Phoebe Cole-Smith


Meet Phoebe Cole-Smith

Phoebe Cole-Smith… farmer-chef and owner/operator of DIRT ROAD FARM.

Dirt Farm Road is a small farm on a dirt road in Weston, Connecticut. Phoebe and her husband, former NHL executive Mike Smith, produce wood-fired maple syrup from their 350-tap stand of sugar maples, keep honeybees and laying chickens, and grow herbs, vegetables and fruit on their 5 1/2 rocky, hilly acres.

In addition to providing Phoebe’s cooking business, PICNIC, with Dirt Road Farm produce and goods, value to the farm business is added through the sale of eggs, honey, and maple syrup, as well as pickles and preserves. Beyond what Dirt Road Farm provides for Phoebe’s cooking, she also sources directly from nearby farms, farmers’ markets, and purveyors for locally grown, raised and artisanal goods.

Siobhan: I’m so intrigued by your passion for your culinary and farming endeavors. Your farm is amazing and I still have to experience your barn suppers. I hope to be there this season!

How did you find the barn?

There was an old barn on our property when we moved here in 1992. It was sadly beyond repair and we finally constructed a new barn on the original footprint in 2015.

Did you envision what it has become from the onset or was it an evolving process?

Kind of a combination. It was indeed a dream to have a separate space where I could welcome guests. When I finally had the space as inspiration, settled in the middle of all my gardens, the events took on a shape of their own.

What inspired you to pursue this creative endeavor?

I have been cooking and entertaining all my life. I decided to go to culinary school for formal training when my children were high school age, studying at the French Culinary Institute (now the International Culinary Center) in Manhattan. I catered and cooked privately for more than a decade before we built our barn, and now I am so happy being able to create the whole experience, including the food.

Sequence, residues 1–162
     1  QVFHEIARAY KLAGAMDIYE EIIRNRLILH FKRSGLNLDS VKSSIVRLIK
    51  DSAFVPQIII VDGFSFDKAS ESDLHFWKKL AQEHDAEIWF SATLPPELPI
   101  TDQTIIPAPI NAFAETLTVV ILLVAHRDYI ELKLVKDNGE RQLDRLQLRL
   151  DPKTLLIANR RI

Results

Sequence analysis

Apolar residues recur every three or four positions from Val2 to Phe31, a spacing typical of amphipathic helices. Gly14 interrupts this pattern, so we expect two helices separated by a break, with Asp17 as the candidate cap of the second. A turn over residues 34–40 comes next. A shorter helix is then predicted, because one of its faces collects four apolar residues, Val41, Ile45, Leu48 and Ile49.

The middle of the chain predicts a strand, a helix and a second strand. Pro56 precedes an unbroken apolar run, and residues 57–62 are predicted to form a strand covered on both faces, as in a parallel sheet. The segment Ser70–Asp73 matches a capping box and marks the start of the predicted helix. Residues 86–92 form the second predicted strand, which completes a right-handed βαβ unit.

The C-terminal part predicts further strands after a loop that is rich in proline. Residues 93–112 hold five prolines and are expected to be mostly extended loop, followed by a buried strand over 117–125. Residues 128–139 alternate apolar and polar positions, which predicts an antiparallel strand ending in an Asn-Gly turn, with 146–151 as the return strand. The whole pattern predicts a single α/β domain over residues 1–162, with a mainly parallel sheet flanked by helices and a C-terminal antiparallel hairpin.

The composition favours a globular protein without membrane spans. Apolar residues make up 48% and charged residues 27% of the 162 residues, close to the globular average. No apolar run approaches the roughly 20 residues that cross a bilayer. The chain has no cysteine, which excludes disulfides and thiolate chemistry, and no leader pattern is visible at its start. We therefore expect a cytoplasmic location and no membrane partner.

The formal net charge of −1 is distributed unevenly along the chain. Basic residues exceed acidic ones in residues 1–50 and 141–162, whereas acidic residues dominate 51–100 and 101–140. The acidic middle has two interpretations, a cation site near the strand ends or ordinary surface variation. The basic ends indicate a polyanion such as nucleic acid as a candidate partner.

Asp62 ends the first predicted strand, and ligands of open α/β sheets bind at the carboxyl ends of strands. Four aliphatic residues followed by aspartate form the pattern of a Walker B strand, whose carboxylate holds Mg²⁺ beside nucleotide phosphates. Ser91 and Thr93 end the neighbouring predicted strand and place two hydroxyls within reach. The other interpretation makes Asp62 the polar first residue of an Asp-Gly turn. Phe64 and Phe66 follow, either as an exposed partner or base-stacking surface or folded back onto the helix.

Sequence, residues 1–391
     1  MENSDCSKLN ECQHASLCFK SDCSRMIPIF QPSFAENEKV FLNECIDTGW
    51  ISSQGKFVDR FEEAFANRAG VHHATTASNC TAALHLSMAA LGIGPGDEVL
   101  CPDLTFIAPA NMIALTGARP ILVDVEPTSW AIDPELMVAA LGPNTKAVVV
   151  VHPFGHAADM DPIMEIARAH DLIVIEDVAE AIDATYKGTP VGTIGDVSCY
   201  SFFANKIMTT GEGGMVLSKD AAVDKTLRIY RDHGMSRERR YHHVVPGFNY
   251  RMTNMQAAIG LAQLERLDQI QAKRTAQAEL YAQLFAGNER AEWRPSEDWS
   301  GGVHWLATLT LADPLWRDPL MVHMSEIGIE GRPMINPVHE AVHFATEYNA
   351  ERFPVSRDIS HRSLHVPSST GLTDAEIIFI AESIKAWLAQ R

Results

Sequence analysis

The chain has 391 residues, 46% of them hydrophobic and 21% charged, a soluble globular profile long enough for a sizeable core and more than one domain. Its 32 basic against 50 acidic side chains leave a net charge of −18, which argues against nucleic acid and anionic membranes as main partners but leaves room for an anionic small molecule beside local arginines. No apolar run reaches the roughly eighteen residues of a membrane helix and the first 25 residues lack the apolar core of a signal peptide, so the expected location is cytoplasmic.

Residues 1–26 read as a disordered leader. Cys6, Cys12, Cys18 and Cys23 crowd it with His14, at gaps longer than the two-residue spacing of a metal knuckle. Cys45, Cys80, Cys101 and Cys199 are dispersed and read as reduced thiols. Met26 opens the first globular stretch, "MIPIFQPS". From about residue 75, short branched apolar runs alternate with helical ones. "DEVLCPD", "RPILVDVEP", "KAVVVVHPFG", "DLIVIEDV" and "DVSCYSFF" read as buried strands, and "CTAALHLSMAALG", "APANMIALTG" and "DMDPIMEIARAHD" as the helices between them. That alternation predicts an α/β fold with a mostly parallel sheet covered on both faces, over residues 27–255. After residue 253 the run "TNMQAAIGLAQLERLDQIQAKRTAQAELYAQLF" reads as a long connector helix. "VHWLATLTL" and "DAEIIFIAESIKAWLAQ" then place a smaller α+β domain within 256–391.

What can the public expect when they visit Dirt Road Farm?

Dirt Road Farm is sort of a micro-version of what most people envision as a farm. We grow plenty of food, we keep chickens and bees, we have a good-sized stand of sugar maples from which we produce maple syrup (which is what gave us farm status in 2011) — but we are not a full-scale operation like many of the farms I source from for my barn suppers and private events.

What is the experience like to host the Barn suppers and what has the feedback been from your diners?

It is beyond thrilling for me to host the barn suppers. It is extremely hard work, beginning with the gathering of local and seasonal produce, and sustainably raised/wild caught meat, fish and dairy direct from local farms and from our local farmers’ market, the Westport Farmers’ Market. everything I make, with the help of my incredible crew, is from scratch and by hand. Much of what we use, from flowers,herbs and vegetables to eggs, honey and maple syrup, has been grown or raised or produced at our place. I think this is apparent on the plate, on the table and inside the barn and I believe most of the people who have attend a barn supper witness and feel this kind of attention to quality and detail and are extremely appreciative. I have had an overwhelmingly wonderful response to my barn suppers.